How I'd start an artist email list from zero today

Here's what I would do if I was starting an artist email list. It's a big topic, but I can't think of many other topics that immediately make you money and bring people out to your shows when you get into it.

I'm drawing inspiration from -- as I said in my last conversation with an artist about this -- the initial list at Rhythm Changes in the very beginning, where I invited most of the people personally.

First, you compose a message that goes something like, "Hey, I'm planning a show where I'm introducing my new music. It would mean so much to me to have you there. I'm reaching out because I thought you'd be interested. It's going to be a very special show, but very small. The number of seats will be very limited. I'm going to give you access first, and you can sign up to hear about it here."

The immediate key to the strategy -- the thing that puts you ahead of most artists -- is breaking through the fear of being rejected by these people. They're your friends, family, and colleagues, so they'll come with varying amounts of fear depending on where you're at. But at the end of the day, reaching out to them this way will help you sleep better than if you just posted on social media and hoped they'd come, trust me.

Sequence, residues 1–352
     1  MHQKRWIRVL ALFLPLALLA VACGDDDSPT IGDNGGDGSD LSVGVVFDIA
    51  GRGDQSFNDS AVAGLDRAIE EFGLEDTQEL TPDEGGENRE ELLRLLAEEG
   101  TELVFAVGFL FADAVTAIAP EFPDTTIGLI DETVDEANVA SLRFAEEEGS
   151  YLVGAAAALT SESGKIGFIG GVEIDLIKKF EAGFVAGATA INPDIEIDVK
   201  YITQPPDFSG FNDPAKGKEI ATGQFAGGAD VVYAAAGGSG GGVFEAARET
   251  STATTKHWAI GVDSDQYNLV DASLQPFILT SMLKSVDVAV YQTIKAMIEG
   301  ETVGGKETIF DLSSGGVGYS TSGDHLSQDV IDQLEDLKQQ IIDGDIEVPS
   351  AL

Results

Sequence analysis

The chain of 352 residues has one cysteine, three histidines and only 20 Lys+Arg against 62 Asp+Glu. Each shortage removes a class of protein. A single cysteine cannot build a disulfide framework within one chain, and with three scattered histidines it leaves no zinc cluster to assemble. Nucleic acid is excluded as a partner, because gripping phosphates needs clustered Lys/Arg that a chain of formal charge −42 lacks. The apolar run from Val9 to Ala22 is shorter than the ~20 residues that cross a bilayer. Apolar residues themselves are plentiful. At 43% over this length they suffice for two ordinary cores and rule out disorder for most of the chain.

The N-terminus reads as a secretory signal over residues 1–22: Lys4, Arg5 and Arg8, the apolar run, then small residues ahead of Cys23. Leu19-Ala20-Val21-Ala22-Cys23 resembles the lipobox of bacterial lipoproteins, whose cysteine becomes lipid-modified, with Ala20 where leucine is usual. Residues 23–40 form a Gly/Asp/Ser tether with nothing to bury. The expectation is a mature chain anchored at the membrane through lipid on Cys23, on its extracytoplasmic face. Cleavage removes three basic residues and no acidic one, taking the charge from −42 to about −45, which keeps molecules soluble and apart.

At the top of your website, any visitor can sign up by entering their email for free. That's the second key bit: few artist websites prioritize email sign-up at the top of the homepage. Why? I don't know. It seems like an obvious winner to me.

As a start, you try to invite and get 100 of those people, ideally 200, signed-up. To help get to that number, you could start taking it to social media afterwards, but do try and get as much of that as possible from private outreach.

Then, by the announcement date for this special show you mentioned, you could fill the show within a couple days with an announcement to those 200 people. Yes, that means you have to now actually write and send them an email, but it'll be very much worth your time.

Let's say that to sell out the show, the true number of people who would need to take up your offer quickly was 40 people: 20% of the 200. Even if you have 100 people who take you up at a rate of 20% because they know you well, you could sell to 20 people or more on day one. And that's what you're going to need to do.

The rest of the marketing plan is then about how you expand beyond that: how many more seats are there, and how do you hopefully find many more people? I could take my own medicine on this for an upcoming show that I have in several months.

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